After a tense game of chicken earlier this week, Congressional leaders appeared to step back from the brink today, with Speaker John Boehner telling reporters he’s confident that Congress can finish its year-end work.
Though the Ohio Republican said he has “no indications” that Senate Democrats are ready to move forward on a package of spending bills, Boehner said there has been “some movement” between Senate Majority Leader Harry Reid (D-Nev.) and Minority Leader Mitch McConnell (R-Ky.) to come to “common ground.”
“Look I’ve been here for a while. This is not the first time I’ve seen year-end work get knotted up,” the Speaker said. “But I think everyone just needs to step back and take a deep breath. I think there’s an easy way to untangle all of this. We just need to let the Members do their jobs and we need to let the two institutions do their work.”
Sources said staffers for Reid and McConnell are actively exploring today whether they can find a compromise on the payroll tax cut extension and other issues, such as unemployment insurance and the Medicare physicians’ reimbursement rate, known as the doc fix.
The Senate leaders expressed renewed optimism today that they may be able to avoid both a government shutdown and an impasse on the payroll tax issue.
The change in tone is significant, particularly from the Speaker who just last night was stridently accusing Senate Democrats of brinkmanship and calling on Democratic appropriators to sign a conference report on a year-long spending agreement. He then moved to bring a standalone spending bill to the floor Friday in an attempt to undercut a Senate Democratic move to tie passage of the omnibus spending bill to an agreement on the payroll tax cut.
It is unclear whether Boehner has the votes within the GOP Conference to pass the omnibus, but Republicans introduced it Wednesday evening and Boehner maintained today that he is still willing to vote on it if the Senate does not sign off on the conference report.
“It’s my hope that the conferees will sign the conference report and we will bring it to the floor of the House,” he said. “If it does not happen, I’ve taken the essence of that bill and put it into a House bill and we’re prepared to move that if necessary.”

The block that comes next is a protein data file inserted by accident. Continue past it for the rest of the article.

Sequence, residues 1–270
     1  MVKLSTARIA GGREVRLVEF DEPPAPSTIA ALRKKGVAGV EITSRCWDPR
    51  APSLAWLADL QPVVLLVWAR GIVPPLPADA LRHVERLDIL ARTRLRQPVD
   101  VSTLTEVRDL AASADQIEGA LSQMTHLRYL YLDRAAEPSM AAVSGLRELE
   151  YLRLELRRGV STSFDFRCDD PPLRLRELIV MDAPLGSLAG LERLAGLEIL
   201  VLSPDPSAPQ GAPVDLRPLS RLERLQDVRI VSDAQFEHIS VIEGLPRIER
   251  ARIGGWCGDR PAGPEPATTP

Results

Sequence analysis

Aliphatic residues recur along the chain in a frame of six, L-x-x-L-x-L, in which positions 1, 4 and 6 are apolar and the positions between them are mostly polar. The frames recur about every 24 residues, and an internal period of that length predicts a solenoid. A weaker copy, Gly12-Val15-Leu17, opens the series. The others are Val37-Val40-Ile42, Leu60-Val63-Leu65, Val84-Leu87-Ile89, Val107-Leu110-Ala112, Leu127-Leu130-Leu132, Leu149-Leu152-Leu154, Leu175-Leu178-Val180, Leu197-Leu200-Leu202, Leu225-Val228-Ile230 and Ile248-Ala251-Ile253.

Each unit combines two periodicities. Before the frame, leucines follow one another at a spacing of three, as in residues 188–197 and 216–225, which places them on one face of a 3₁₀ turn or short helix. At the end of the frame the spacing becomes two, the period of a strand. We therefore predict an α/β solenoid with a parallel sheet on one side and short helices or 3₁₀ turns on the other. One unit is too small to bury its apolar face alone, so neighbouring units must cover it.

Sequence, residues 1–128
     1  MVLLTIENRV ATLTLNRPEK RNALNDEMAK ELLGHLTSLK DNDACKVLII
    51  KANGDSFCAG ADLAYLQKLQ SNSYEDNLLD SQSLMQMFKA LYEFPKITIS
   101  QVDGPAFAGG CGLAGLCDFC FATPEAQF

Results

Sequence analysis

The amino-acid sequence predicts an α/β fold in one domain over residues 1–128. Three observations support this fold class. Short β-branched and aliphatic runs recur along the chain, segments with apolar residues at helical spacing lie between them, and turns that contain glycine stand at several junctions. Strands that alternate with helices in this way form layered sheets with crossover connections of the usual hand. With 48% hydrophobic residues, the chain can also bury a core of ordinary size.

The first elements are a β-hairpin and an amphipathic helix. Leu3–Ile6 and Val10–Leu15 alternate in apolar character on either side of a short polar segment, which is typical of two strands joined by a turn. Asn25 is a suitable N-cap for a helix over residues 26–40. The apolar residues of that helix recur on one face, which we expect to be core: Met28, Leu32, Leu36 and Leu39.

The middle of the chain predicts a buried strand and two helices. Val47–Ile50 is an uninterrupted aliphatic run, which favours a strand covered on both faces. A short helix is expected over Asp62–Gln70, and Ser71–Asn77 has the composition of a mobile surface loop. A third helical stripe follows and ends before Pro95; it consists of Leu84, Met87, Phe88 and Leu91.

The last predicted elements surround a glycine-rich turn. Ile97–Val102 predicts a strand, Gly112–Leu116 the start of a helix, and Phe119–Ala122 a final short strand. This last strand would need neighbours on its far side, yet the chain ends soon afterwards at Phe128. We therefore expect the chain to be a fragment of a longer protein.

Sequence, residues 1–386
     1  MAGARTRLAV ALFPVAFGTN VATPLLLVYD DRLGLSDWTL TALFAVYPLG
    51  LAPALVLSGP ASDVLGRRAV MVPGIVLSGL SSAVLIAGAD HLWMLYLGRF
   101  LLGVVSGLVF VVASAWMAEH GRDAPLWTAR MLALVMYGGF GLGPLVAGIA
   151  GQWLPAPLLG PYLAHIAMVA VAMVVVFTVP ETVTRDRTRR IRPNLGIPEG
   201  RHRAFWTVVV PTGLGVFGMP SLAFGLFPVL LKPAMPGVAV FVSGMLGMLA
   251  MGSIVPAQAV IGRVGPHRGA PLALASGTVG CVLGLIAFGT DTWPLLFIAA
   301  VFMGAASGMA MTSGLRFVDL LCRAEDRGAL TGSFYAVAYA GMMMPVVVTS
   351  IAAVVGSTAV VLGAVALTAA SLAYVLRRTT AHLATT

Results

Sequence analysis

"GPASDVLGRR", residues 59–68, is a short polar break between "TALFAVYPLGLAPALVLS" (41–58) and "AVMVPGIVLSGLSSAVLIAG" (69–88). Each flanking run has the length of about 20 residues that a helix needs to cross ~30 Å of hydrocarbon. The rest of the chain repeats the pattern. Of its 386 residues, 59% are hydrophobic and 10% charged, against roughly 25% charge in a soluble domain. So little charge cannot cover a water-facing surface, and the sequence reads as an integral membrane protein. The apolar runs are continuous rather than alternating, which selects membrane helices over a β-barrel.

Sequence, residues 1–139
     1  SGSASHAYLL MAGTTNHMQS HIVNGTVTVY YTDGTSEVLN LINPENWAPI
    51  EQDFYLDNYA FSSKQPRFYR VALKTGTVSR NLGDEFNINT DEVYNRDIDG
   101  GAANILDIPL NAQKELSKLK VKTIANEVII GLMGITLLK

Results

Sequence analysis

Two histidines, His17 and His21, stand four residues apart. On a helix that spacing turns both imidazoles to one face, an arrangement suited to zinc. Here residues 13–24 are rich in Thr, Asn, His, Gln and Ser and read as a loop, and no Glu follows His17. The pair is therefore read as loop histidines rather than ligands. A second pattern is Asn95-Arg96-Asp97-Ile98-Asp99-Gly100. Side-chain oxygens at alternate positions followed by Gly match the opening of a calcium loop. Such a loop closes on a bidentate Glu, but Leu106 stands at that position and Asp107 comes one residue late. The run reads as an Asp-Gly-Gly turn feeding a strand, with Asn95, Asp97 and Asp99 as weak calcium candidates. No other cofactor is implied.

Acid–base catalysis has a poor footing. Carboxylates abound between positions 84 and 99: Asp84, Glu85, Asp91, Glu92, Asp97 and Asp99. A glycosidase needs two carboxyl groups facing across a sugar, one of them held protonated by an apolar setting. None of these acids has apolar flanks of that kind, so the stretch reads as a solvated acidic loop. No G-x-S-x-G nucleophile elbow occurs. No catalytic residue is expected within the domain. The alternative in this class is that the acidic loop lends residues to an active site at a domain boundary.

House Minority Leader Nancy Pelosi, however, said Members in her caucus would not vote for the spending measure Boehner introduced Wednesday evening. Instead, the California Democrat said she hoped the chamber could move forward with the omnibus conference report that has yet to be signed.
“There are a number of objections to the bill, but the more important question is where is the White House because they have the signature,” Pelosi said of the new spending bill.
Boehner also called on the Senate to bring to the floor under an open process a House-passed bill that would extend the payroll tax holiday, unemployment insurance benefits and the doc fix. Senators should amend it and send it back to the House, he said.
“There’s an easy way to resolve our issues on the payroll tax cut bill,” Boehner said. “No more showboats I think it’s just time to legislate. I think America needs to see us earning our paychecks.”
The House bill includes several provisions that Democrats consider poison pills, such as rollbacks of environmental regulations, cuts to health care reform and a fast-track on the Keystone XL oil pipeline project.
Boehner down played Democrats’ new willingness to drop their insistence on a millionaires’ surtax on the payroll tax measure, saying, “I appreciate the fact they gave up on their millionaires surtax, but they didn’t give up anything because they never had [the votes for] it.”
Pelosi, on the other hand, called on Republicans to offer some concessions in return.
“I think it’s a sign of cooperation, of willingness, to remove obstacles to have an agreement by saying okay, that’s something you can’t agree to,” Pelosi said.
Boehner did not tip his hand as to where he could compromise. He sidestepped a question about whether Republicans would be willing to drop the pipeline project to get to a deal, saying only, “We believe strongly that this is the right thing to do for the country.”
While the Senate negotiates, Boehner said he sees no reason for the House to stay in session if an appropriations package moves through his chamber. He said he is committed to bringing the House back “within 24 hours” if and when a compromise is hashed out on the payroll tax package.
But President Barack Obama warned Congress again today not to leave town for the holidays without passing extensions of the payroll tax cut and unemployment benefits.
“Congress should not and cannot go on vacation” before preventing a payroll tax increase and ensuring unemployed people don’t lose their benefits, he said.
“There is no reason the government should shut down over this,” Obama added.
The president made his remarks as he laid out the latest of his “we can’t wait” executive initiatives aimed at boosting jobs — this one on new work rules giving overtime and minimum-wage benefits to home health workers.
Former Sen. Scott Brown, R-Mass., candidate for U.S. Senate in New Hampshire, holds his hand over his heart during the singing of the national anthem as he waits to take the stage for his town hall campaign rally with Sen. John McCain at the Pinkerton Academy in Derry, N.H., on Monday, Aug. 18, 2014.